David Bowie Persuaded James Murphy to Reunite LCD Soundsystem

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David Bowie Persuaded James Murphy to Reunite LCD Soundsystem

LCD Soundsystem reunited last year, and it turns out that David Bowie is the person responsible for the return of the group.

Frontman James Murphy spent time with Bowie working on Bowie’s record, Blackstar, on which he contributed percussion parts. The iconic musician asked Murphy if the thought of an LCD Soundsystem reunion made him uncomfortable.

“And I said, ‘Yeah,’ and he said ‘Good. It should. You should be uncomfortable,’” Murphy recalled in an interview on BBC 6 Music.

Murphy was also invited to co-produce Blackstar, but the thought of it was overwhelming to him, he revealed in a separate interview on BBC Radio 1.

“I would have had to be somebody else,” Murphy said. “There’s a reason I make music the way I do.”

The LCD Soundsystem frontman also revealed that he wanted to make a collaborative record with Bowie, just the two of them.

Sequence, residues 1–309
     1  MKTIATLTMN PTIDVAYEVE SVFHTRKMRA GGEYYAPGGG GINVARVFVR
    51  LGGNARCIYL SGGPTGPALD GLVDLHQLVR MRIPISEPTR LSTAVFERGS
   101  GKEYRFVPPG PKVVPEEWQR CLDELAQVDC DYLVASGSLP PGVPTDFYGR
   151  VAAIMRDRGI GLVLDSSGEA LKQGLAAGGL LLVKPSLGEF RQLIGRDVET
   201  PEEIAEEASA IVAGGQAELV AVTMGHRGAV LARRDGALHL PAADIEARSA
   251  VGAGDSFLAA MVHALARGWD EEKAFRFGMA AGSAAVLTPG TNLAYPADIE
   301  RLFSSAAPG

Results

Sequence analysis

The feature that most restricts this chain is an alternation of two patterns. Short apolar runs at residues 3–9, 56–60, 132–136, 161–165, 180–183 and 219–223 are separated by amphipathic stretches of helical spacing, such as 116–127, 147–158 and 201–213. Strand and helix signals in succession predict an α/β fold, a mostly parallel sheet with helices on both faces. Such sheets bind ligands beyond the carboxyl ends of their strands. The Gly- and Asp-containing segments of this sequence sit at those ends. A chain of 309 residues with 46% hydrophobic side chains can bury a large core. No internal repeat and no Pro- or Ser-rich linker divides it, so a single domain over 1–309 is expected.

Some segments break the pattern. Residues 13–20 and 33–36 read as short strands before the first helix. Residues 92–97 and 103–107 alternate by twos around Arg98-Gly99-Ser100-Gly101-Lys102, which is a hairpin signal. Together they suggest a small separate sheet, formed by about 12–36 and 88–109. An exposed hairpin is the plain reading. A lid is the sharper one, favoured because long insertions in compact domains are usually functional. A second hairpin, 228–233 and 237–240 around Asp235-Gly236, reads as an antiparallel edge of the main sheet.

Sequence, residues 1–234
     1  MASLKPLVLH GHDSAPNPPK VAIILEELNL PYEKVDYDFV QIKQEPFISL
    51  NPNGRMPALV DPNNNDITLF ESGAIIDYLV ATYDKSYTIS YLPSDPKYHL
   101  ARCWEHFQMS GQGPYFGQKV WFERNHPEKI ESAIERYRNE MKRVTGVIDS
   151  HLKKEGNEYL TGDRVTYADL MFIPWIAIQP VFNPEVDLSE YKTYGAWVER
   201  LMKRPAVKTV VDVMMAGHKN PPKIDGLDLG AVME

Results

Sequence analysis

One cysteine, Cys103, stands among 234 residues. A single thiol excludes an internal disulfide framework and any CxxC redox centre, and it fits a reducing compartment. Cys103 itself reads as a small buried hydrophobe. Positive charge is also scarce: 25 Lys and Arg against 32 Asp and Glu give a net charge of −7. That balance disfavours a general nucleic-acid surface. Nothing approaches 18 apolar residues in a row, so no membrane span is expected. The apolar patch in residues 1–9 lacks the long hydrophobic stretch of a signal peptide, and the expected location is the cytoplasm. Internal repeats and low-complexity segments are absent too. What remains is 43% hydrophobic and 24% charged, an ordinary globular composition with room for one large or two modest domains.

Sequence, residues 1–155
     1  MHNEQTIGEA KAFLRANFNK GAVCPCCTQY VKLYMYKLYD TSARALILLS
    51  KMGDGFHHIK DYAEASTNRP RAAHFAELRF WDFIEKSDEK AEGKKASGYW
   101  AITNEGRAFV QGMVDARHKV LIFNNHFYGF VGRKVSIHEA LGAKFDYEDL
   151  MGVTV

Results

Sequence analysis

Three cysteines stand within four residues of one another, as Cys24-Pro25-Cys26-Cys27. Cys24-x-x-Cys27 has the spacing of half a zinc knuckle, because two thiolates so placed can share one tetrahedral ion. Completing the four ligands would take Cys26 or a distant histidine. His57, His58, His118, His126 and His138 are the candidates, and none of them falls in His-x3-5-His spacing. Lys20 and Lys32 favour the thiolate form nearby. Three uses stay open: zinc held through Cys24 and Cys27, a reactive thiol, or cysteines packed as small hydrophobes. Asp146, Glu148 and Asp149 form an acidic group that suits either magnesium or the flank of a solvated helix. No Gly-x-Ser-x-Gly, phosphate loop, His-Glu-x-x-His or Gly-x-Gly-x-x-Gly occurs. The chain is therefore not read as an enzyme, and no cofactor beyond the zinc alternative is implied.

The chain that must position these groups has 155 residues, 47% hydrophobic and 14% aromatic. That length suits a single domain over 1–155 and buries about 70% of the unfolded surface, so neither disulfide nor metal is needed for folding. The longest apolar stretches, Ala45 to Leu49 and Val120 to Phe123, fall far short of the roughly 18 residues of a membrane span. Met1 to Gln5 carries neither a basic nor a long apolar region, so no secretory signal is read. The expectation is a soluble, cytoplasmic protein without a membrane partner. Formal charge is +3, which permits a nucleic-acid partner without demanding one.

“I reached out to David and said, ‘I’d love to do a record just me and you.’ He said, ‘It’s funny you mention that, please look me up when you get back to New York,’” Murphy said on Radio 1. Although the duo met, Bowie had already begun working on Blackstar.

Read Murphy’s full statement on Bowie’s encouragement below, and listen to performances from both LCD and Bowie via the Paste Cloud further down. LCD Soundsystem’s first album in seven years, American Dream, will arrive on Sept. 1.

I spent a good amount of time with David Bowie, and I was talking about coming back, putting the band together. And I was going through the hems and haws of it, and he said, ‘Does it make you uncomfortable?’ And I said, ‘Yeah,’ and he said, ‘Good. It should. You should be uncomfortable.’ And the first thing that popped into my head was, ‘What the? What do you know? You don’t know what it’s like to be uncomfortable’” That was my thinking. Because of course I’m imagining that if I was David Bowie, I’d just be walking around flipping everybody off, like, ‘I’m David Bowie!’ Like, nobody can say anything! Unless maybe Lou Reed’s there, and then he can be like, ‘Alright.’ There are maybe one or two people that get to literally not — nothing can be said about them. But that’s not who he was ever in his life. He was always making himself uncomfortable. And it was such a great feeling of, like, you just don’t know what you are to anybody else.

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